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Economic News Breakdown: July 29 – August 2


Economic News Breakdown: July 29 – August 2



On Monday, main news out of Japan, where Bank of Japan (BoJ) released their latest report for Economic Activity and Prices. This document provides valuable insight into the perspective of BoJ and how they view their economic conditions and inflation – the key factors that shape the monetary policy. It stated that Japan’s economy is projected to continue expanding through fiscal year 2021, despite being affected by overseas economic conditions. Exports are likely to rise with domestic demand likely following an uptrend. CPI has showed some weak developments recently and the year-on-year rate for the change in CPI is likely to increase towards 2 percent. In the foreign exchange market, the Japanese Yen has appreciated against the pound and the euro.


Not much economic activity took place on Tuesday other than the quarterly CPI report out of Australia. The Australian Bureau of Statistics released a report which stated that the CPI rose 0.6% this quarter following the stalled movement in the first quarter. Biggest change contributed to the CPI was automotive fuel prices which rose 10.2%. The Australian dollar is down 2.52% against the US dollar since the beginning of July. 


Canada reported its monthly GDP that came in at 0.2% vs 0.1% expected, up for a third consecutive month. This was led by an increase in the manufacturing industry as 13 from the 20 industrial sectors have been expanding. 

Big news out of US as the Fed decided to cut interest rates for the first time in over a decade. The Committee decided to maintain a target federal funds rate of 2-1/4 to 2-1/2 percent. The FOMC Statement stated that the labor market continues to strengthen, and economic activity has been rising at a solid rate. Negative reactions came from Trump as he said that Fed chief Jerome Powell did not deliver a rate cut that was aggressive. In the markets, S&P 500 was down 1.09% at the close and DJIA dropped more than 300 points after the interest rate cut. 


Thursday was all about the pound sterling as the official bank rate was reported and the release of their newest monetary policy summary until unexpected news came in that Trump had imposed new tariffs.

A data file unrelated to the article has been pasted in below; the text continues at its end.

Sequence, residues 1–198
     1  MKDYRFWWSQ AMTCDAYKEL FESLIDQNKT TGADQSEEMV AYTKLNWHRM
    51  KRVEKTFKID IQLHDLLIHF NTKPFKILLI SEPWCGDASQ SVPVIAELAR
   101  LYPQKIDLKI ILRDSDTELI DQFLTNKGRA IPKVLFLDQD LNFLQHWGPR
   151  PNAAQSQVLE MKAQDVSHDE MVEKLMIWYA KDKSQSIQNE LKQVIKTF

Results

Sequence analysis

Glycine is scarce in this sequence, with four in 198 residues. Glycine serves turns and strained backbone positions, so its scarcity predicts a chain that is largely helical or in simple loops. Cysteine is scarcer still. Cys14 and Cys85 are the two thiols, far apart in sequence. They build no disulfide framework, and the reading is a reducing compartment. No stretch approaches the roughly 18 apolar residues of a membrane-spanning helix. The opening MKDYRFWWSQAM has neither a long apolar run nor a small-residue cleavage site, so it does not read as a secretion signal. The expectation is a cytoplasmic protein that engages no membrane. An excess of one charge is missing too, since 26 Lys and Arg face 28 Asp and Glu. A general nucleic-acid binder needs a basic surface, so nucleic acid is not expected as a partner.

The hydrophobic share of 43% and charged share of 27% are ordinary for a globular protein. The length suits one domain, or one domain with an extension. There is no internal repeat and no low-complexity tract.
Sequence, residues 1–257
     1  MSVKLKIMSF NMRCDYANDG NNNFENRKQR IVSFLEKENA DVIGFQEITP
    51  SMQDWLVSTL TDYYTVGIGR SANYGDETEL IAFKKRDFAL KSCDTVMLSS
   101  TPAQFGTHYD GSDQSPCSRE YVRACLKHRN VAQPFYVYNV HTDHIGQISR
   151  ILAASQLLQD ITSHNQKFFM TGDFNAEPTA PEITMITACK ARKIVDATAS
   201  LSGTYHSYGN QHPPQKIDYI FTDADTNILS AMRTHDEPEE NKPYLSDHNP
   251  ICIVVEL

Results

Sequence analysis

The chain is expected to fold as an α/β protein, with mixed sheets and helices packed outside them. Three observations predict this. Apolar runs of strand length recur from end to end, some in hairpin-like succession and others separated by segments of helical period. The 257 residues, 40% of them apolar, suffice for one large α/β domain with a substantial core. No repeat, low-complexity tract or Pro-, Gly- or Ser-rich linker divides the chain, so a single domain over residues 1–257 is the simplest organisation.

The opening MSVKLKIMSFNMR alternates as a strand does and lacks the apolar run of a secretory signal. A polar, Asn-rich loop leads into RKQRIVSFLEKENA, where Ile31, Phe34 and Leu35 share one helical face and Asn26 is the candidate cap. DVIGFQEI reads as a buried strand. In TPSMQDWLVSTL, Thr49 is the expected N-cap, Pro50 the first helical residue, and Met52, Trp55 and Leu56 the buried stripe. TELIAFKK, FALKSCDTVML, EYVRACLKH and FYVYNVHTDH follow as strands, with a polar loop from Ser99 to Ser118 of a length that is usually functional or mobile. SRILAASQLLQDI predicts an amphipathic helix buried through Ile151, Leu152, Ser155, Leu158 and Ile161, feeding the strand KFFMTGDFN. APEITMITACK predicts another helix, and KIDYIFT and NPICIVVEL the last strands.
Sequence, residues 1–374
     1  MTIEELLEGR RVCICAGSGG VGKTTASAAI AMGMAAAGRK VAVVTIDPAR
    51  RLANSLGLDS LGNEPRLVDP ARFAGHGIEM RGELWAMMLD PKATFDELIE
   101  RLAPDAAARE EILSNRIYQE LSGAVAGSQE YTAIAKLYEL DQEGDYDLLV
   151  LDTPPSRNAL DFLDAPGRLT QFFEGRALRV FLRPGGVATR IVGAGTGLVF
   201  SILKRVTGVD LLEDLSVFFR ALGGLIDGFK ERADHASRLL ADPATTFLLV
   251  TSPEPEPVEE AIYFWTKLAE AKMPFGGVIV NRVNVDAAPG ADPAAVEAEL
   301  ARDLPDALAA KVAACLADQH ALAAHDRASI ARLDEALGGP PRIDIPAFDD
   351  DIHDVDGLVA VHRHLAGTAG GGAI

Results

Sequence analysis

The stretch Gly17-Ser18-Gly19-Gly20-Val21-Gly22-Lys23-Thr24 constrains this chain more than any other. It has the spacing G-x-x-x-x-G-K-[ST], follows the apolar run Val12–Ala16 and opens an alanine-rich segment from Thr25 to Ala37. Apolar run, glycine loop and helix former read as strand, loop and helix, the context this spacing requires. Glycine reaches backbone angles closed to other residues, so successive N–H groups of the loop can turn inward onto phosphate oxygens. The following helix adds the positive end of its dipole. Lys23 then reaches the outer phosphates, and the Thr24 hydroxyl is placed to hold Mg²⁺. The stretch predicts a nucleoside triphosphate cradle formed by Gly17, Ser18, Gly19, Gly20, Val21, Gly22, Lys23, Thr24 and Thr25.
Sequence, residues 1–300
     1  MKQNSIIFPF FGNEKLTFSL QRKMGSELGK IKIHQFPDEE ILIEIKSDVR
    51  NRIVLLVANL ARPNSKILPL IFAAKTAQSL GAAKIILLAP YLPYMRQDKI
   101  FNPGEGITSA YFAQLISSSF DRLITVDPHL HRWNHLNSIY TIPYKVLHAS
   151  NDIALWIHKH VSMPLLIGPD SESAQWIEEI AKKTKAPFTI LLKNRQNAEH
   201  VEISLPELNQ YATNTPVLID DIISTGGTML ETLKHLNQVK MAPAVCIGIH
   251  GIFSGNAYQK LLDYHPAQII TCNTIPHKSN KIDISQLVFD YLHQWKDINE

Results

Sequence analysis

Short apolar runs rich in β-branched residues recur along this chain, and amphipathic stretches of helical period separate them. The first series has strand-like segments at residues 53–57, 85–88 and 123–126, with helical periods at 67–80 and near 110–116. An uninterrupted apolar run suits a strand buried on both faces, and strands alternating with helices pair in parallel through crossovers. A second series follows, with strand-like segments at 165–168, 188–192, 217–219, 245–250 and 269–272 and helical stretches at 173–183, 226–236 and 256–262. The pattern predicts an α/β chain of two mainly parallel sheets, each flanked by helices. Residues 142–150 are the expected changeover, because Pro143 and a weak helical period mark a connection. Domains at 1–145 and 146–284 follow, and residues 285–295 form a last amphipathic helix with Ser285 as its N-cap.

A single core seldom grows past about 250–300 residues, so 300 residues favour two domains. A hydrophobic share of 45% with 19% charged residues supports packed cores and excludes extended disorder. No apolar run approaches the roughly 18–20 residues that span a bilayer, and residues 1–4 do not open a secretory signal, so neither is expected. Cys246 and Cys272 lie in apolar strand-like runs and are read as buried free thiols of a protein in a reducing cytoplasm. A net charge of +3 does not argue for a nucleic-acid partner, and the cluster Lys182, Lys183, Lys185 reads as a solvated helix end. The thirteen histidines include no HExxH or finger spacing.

Great Britain’s monetary policy committee voted unanimously to maintain the Bank Rate at 0.75%. UK’s economy has slowed down due to Brexit uncertainty and inflation has fallen back to the 2% target level. Future interest rates will be determined depending on where inflation stands. 

Unexpected news from the White House as President Trump tweeted that he would impose a 10% tariff on $300 billion worth of Chinese imports. Trump had said that Chinese President Xi Jinping is not making any progress to resolve the trade war and warned that these tariffs might rise to 25% if further negotiations are stalled. 


First Friday of each month is a volatile one due to the Non-Farm Payroll reports are to be released along with the unemployment rates bringing uncertainty within the volatile US dollar. Non-Farm Employment change came out as expected at 164,000 jobs added in July with the unemployment rate at 3.7% vs 3.6% expected. Employment gains were seen in the health care sector, professional and technical services, and financial activities. 

Next week we have New Zealand reporting their unemployment changes on Monday followed by rate decision on Tuesday along with Australia. Muted Wednesday with Reserve Bank of Australia releasing their monetary policy statement on Thursday and finally, GDP figures out of Great Britain and unemployment numbers from Canada on Friday. 

You may also be interested in: Why Should You Trade in the Forex Market?

Writer: Saket Patel

Disclaimer: All investing can potentially be risky. Investing or borrowing can lead into financial losses. All content on Bay Street Blog are solely for educational purposes. All other information are obtained from credible and authoritative references. Bay Street Blog is not responsible for any financial losses from the information provided. When investing or borrowing, always consult with an industry professional.

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